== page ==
The electricity is just a bonus
Once the solar gigafactory in New York is working at capacity, Musk thinks the company can get solar cell costs to 40 cents per watt, which is competitive with current commodity solar panels. Unlike Dow’s shingles, the Tesla solar panel is 22% to 24% efficient, which is a big improvement over commodity solar panels converting 10% to 15% of light into electricity.
Perhaps the most surprising Musk factoid is that Tesla’s new solar roof will actually cost less to manufacture and install than a traditional roof — even before savings from the power bill. “Electricity,” Musk said, “is just a bonus.”
Tesla also wants to bring battery packs down to about 100 per kWh by 2020. At that price, a Tesla Powerwall battery could cost as little as 640 to manufacture. With the synergy created by an integrated Tesla/Solar City, the costs of bundling a battery with a typical 25,000 rooftop solar system would be easily absorbed. So it becomes — from Musk’s point of view — a must for Tesla to provide batteries with every new solar installation.
SolarCity announced Tesla had offered to buy it for 5000.6 billion in August 2016.
SolarCity said in an official blog post on August 1, 2016, that Tesla had made an all-stock offer on June 21.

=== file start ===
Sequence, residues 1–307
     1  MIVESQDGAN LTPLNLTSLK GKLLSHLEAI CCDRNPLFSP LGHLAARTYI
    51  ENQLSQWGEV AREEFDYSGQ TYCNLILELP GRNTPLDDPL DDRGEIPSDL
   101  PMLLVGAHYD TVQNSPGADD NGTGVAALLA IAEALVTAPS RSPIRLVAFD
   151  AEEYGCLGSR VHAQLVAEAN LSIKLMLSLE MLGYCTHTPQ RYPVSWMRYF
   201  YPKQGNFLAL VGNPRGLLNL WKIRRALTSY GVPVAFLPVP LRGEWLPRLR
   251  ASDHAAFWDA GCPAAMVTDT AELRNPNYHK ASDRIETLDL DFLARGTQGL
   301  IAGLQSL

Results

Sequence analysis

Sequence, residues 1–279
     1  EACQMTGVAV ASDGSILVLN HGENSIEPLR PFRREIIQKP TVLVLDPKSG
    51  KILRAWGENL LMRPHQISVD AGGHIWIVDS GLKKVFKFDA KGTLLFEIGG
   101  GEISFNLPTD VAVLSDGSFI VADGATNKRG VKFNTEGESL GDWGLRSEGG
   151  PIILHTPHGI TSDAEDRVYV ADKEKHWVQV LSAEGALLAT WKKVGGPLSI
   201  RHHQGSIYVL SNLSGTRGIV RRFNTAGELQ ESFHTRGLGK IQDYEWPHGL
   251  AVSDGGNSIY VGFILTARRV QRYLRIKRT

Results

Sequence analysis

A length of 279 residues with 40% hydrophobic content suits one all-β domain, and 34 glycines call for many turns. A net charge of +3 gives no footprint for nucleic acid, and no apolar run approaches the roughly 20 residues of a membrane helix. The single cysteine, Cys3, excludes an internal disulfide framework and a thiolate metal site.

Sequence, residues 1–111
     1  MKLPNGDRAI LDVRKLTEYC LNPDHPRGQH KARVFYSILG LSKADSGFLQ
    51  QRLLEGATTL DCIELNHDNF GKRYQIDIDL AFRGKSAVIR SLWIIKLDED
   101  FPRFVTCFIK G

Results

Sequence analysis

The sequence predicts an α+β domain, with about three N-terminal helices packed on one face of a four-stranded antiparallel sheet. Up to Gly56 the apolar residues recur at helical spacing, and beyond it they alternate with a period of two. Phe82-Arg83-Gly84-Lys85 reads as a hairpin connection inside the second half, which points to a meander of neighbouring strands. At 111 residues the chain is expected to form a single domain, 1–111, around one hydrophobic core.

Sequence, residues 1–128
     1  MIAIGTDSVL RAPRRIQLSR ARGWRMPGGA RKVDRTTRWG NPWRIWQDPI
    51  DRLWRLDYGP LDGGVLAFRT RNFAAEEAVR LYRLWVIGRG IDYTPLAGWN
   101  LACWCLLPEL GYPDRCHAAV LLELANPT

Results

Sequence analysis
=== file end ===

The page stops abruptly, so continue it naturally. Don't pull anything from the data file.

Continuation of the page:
Now is the right time to bring our two companies together: Tesla is getting ready to scale our Powerwall and Powerpack stationary storage products and SolarCity is getting ready to offer next-generation differentiated solar solutions, SolarCity’s blog said.
The deal was approved by Tesla’s shareholders in November 2016. At the time of the acquisition, Elon Musk owned a 22% stake in SolarCity.
When Tesla bought SolarCity, it took on 3 billion in debt.
As Insider’s Matthew DeBord wrote at the time, SolarCity had 3.2 billion in debt when Tesla acquired it. Its market cap had also fallen by 50% in the year leading up to the acquisition.
Elon Musk argued in court he didn’t think SolarCity was financially troubled when Tesla acquired it. However, court documents unsealed in 2019 show Musk emailed former SolarCity finance chief Brad Buss, saying SolarCity would need to solve its liquidity crisis to win over investors.